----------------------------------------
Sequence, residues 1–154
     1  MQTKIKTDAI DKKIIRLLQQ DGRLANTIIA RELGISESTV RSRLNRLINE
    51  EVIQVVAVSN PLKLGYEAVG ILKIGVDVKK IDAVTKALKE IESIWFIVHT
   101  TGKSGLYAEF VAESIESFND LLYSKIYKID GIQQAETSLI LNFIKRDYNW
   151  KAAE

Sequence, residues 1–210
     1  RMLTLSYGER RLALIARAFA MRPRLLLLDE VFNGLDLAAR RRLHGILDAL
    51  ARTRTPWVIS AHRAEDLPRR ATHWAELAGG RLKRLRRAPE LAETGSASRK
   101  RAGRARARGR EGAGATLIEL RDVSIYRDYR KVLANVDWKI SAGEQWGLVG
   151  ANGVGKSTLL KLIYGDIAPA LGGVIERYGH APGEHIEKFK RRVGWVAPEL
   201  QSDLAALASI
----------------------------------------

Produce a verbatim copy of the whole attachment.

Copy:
Sequence, residues 1–154
     1  MQTKIKTDAI DKKIIRLLQQ DGRLANTIIA RELGISESTV RSRLNRLINE
    51  EVIQVVAVSN PLKLGYEAVG ILKIGVDVKK IDAVTKALKE IESIWFIVHT
   101  TGKSGLYAEF VAESIESFND LLYSKIYKID GIQQAETSLI LNFIKRDYNW
   151  KAAE

Sequence, residues 1–210
     1  RMLTLSYGER RLALIARAFA MRPRLLLLDE VFNGLDLAAR RRLHGILDAL
    51  ARTRTPWVIS AHRAEDLPRR ATHWAELAGG RLKRLRRAPE LAETGSASRK
   101  RAGRARARGR EGAGATLIEL RDVSIYRDYR KVLANVDWKI SAGEQWGLVG
   151  ANGVGKSTLL KLIYGDIAPA LGGVIERYGH APGEHIEKFK RRVGWVAPEL
   201  QSDLAALASI